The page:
At a press conference here today, parents of afflicted children explained the stresses under which they had to operate.

“We feel like no one will help. We constantly have to worry about where the next transfusion will come from,’’ said a parent. To mitigate these concerns, the Thalassemia and Sickle Cell Society aims to bring several operations, including diagnosis, transfusion and storage of blood under their new facility. It also seeks to pair patients with regular donors to reduce the chances of bloodborne infections. Any person can adopt a thalassemia child and become what they call `blood brothers’.

The new blood bank’s location was stragetically chosen to cater to Hyderabad’s most disadvantaged children. Most of Hyderabad’s blood banks are situated in the new city, and very few are south of the Musi.

Turkish doctors to fight against thalassemia in Mosul

March 23, 2010

Prof. Dr. Duran Canatan with the Mediterranean Foundation on Hematology has received an invitation from the city of Mosul to fight against thalassemia.

A delegation from the City of Mosul’s Health Department led by Dr. Selahattin Huseyin paid a visit of courtesy to Dr. Duran Canatan on Thursday.

Dr. Hüseyin and Dr. Canatan exchanged viewpoints on methods to fight against thalassemia in Mosul.

The two doctors signed a preliminary protocol, one that will be coordinated by the Governorship of Mosul, to fight against thalassemia.

Dr. Canatan said that Turkey began its struggle against thalassemia in 2003.

“Since then, the number of Turkish patients with thalassemia has decreased by 90 percent,” Dr. Canatan stressed.

Thalassemia is an inherited autosomal recessive blood disease. In thalassemia, the genetic defect results in reduced rate of synthesis of one of the globin chains that make up hemoglobin. Reduced synthesis of one of the globin chains can cause the formation of abnormal hemoglobin molecules, thus causing anemia, the characteristic presenting symptom of the thalassemias.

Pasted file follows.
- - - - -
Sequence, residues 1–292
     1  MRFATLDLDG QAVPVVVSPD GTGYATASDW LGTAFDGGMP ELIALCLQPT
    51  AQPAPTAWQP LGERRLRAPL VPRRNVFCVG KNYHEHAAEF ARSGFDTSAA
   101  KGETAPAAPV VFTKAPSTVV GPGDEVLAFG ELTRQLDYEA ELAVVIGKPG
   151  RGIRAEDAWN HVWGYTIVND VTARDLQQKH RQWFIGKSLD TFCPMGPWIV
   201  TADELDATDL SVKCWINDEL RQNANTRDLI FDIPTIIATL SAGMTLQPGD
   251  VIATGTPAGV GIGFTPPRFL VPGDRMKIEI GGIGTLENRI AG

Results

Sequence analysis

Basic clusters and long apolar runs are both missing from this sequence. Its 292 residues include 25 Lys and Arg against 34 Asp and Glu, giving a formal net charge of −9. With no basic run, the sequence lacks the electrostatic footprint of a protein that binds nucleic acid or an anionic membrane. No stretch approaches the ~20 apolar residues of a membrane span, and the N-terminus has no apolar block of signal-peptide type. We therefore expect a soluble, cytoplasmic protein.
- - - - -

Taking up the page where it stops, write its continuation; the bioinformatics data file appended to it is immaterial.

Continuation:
Courtesy by: todayszaman.com

Thalassemia is a quantitative problem of too few globins synthesized, whereas sickle-cell anemia (a hemoglobinopathy) is a qualitative problem of synthesis of an incorrectly functioning globin. Thalassemias usually result in underproduction of normal globin proteins, often through mutations in regulatory genes. Hemoglobinopathies imply structural abnormalities in the globin proteing themselves. The two conditions may overlap, however, since some conditions which cause abnormalities in globin proteins (hemoglobinopathy) also affect their production (thalassemia). Thus, some thalassemias are hemoglobinopathies, but most are not. Either or both of these conditions may cause anemia.

The disease is particularly prevalent among Mediterranean people, and this geographical association was responsible for its naming: Thalassa, meaning sea and blood in Greek language.

Genetix Pharmaceuticals raises $35 Million in Series B financing

March 15, 2010

Courtesy by: siliconindia.com

Bangalore: The Cambridge-based developer of gene therapies, Genetix Pharmaceuticals, has raised a $35 million Series B financing with new investors Third Rock Ventures and Genzyme Ventures, along with the participation of TVM Capital, Forbion and Easton Capital.

According to the company, proceeds from the financing will be used to advance current clinical programs, strengthen platform capabilities and further expand the team. “The Genetix platform represents the convergence of the powerful therapeutic modality of gene therapy with a class of severe genetic disorders lacking safe or widely available treatment options,” said Nick Leschly, Interim President of Genetix and Partner of Third Rock Ventures. Anup Arora is the Interim Chief Business Officer at Genetix Pharmaceuticals.

Genetix’s proprietary lentiviral technology delivers corrective genes to the patient’s own bone marrow cells, providing a one-time effective therapy, a true paradigm shift in the treatment of genetic diseases. Genetix has programs in clinical development in Adrenoleukodystrophy (ALD), a severe neurodegenerative disorder, and beta-Thalassemia, one of the most prevalent human genetic disorders. Both of these programs have shown strong early results to date and stabilization of their respective diseases.